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    thanks for the imput . A couple more pics IMG_1749.JPG IMG_1749.JPG IMG_1752.JPG IMG_1748.JPG tag on the stern parts i dont think the sail is orginal
     
  9. LaLi

    LaLi Active Member

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    This one is not a Laser ripoff, but an obviously doublehanded boat with a stayed sloop rig.
    The only "Skylark" I can find is a curious tunnel-hulled boat with a una rig. Not the one you sailed, I assume. This one does look somewhat like a Lark (without the Sky), but the cockpit is different, and the freeboard appears lower.
    The "11 72" on the transom plate is likely the building month and year. The "73" stamped on the mainsail makes then sense, too. Why wouldn't the sail be original? The patina on the cringles certainly matches the age of the hull. No other markings on the sail?

    Interesting rudder head design. (Evolutionary dead ends are always interesting. Easy to see why this never became popular, though.)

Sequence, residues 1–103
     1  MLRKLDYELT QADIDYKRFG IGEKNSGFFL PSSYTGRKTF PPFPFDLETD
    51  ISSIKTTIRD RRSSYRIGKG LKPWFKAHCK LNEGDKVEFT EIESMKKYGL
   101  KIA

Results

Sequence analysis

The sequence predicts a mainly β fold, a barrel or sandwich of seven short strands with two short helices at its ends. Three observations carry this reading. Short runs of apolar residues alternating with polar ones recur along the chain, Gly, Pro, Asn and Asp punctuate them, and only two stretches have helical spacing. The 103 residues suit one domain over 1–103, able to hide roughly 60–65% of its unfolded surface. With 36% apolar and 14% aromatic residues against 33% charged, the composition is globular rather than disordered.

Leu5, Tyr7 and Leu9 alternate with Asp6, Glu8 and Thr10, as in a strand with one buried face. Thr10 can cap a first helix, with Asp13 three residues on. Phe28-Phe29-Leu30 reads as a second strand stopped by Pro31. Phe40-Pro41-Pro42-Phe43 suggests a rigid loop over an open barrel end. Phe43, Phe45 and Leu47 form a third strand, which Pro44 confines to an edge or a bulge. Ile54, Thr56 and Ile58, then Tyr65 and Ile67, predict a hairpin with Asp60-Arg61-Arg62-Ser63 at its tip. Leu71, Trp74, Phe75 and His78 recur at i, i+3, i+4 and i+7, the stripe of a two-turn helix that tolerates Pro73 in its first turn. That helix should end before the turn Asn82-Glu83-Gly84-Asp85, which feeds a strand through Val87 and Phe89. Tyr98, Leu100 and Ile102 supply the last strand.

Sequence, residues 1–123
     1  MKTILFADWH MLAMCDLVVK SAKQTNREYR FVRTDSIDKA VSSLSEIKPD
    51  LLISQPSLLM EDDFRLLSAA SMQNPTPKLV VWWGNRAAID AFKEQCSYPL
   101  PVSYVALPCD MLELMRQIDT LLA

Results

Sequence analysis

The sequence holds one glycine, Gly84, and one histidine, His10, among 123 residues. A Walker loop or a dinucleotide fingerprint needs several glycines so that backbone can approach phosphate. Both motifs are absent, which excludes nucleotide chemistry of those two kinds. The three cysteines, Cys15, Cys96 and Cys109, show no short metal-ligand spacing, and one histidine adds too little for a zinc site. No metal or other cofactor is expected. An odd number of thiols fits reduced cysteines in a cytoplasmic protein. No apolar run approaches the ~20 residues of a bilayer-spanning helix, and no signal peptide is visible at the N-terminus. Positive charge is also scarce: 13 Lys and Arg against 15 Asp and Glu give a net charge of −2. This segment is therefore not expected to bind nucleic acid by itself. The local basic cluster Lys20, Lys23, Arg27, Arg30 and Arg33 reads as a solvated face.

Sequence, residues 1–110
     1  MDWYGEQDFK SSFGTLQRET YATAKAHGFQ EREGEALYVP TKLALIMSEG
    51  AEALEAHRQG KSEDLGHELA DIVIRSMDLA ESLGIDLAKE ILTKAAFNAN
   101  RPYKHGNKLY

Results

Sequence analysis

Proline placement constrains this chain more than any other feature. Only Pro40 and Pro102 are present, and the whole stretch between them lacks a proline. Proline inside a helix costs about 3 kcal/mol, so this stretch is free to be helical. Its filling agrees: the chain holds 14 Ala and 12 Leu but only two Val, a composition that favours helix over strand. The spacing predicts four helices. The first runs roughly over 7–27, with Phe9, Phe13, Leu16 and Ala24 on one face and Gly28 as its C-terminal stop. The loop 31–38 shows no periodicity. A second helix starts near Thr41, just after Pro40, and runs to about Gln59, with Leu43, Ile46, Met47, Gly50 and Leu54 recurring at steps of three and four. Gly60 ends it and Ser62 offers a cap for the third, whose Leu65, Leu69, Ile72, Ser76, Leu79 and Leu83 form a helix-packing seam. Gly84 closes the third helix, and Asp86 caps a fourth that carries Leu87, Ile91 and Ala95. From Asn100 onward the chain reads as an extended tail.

All in all, it looks like quite a modern boat for its time. Have you measured it yet? Overall length and max beam would certainly help with the detective work.

    Next pictures: the whole mainsail, a profile of the hull (midship at right angles to the centreline at deck level; bow profile is important), and the whole transom directly from behind.
     
  10. AlanD

    AlanD Former ISAF Laser Measurer

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    By "Laser ripoff", I mean the concept of lasers, off the shelf mass produced. Most of the designs that came out were single handlers, but some were multi handlers.
     
  11. LaLi

    LaLi Active Member

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    Ok, fine. In my definition, a "ripoff" would be something like a near-copy, necessarily featuring most key technical solutions. Anyway, the Single Manufacturer One-Design concept was already out there by 1971, thanks to Sunfish and Hobie Alter (and even Paul Elvstrøm), although the Laser was the first with a worldwide spread.

    I don't think the boat in this thread is part of the Laser wave of dinghy design, but rather the European (mainly French) based/inspired doublehanded culture, which peaked a few years before the Laser did.
     
  12. LaLi

    LaLi Active Member

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    I think I found it!